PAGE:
We as writers need to do a better job of showing the reader what's about to happen without spelling it out like Jack Black does. The anticipation is one of the best parts of reading a book. Saying 'now this is happening' is too direct in writing. I don't want to read a book that goes something along the lines of this: " Jack picked up Baxter, then he kicked him over the bridge. After that Ron started to cry.' Can you imagine reading an entire book that sounds like that? Yeah, not so much. So show, don't tell. Stay away from the 'now this is happening' syndrome. And watch a funny movie.
Monday, June 11, 2012
Now This Is Happening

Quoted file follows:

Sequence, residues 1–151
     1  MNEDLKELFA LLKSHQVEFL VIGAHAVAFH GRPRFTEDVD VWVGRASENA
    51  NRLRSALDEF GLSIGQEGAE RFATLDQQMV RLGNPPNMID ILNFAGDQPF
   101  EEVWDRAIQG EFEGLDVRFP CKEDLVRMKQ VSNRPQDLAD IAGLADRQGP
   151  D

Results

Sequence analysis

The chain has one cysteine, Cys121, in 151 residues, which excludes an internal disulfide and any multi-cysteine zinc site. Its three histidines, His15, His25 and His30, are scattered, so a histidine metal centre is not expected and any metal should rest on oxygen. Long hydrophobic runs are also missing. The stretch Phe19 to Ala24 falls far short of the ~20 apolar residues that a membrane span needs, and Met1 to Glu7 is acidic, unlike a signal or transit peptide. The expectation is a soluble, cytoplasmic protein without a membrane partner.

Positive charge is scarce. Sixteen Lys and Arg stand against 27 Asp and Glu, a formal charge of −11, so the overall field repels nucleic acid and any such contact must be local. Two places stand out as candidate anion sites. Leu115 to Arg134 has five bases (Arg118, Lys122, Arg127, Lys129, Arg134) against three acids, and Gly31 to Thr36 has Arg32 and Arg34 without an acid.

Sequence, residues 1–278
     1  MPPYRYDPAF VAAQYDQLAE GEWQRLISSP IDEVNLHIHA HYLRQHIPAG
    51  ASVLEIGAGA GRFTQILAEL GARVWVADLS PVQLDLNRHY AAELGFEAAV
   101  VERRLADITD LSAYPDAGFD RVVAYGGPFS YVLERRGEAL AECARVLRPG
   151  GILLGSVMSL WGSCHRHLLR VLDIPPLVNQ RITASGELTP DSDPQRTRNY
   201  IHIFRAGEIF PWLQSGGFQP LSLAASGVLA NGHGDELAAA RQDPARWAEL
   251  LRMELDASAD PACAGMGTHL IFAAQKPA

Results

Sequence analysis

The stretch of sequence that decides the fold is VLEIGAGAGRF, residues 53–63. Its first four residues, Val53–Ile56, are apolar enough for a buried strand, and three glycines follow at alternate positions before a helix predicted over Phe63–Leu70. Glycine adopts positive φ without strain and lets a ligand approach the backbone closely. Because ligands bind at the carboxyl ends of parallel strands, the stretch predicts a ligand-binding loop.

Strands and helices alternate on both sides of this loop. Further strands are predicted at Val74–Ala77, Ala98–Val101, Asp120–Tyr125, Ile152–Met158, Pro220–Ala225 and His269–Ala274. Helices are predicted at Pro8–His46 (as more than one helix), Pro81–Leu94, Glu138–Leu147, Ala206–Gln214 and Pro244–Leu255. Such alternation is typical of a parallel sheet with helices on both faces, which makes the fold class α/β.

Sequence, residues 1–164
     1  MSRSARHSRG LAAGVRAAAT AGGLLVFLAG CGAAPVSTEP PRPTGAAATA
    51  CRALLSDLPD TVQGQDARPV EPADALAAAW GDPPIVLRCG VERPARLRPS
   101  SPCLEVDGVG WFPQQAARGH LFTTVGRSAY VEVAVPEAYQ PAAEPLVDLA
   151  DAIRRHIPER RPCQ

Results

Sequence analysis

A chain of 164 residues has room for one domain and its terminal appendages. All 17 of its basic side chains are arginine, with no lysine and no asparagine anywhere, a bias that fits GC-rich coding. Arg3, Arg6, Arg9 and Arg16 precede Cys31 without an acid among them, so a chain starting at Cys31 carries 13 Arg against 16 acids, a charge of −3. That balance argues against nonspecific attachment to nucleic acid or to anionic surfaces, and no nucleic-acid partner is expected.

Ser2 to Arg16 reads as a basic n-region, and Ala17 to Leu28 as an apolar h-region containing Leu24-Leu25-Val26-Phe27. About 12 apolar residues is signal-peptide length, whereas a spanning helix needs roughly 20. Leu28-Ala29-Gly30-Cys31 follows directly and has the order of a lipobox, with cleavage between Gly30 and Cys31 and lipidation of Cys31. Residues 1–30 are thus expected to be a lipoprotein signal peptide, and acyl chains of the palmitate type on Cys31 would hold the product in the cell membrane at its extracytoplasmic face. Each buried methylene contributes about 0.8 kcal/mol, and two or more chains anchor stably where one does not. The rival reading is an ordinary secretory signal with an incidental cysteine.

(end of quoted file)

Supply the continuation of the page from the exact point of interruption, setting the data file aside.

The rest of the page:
Anchorman is one of my all time favorite comedies. EVER. I mean, really. Classic lines such as 'It's an optical illusion' and 'Loud noises!' and my all time favorite, ' 60 percent of the time, it works every time.' In the scene below Ron (Will Ferrell) has a run in with Jack Black. Ron decides to discard a burrito out his car window, which in turn causes Jack Black to crash his motorcycle. Of course, the guy is pissed (rightfully so) and he decides to seek his revenge. He proceeds to drop kick Baxter, Ron's beloved dog, over the bridge. Before he does so, he says the words my husand often repeats, 'Now this is happening.' The viewer doesn't know what he's going to do, but we expect whatever it is to be pretty hilarious because of those four words 'now this is happening'. As a writer, you shouldn't do this. Why? While this is hilarious in film format, it doesn't translate well to readig format.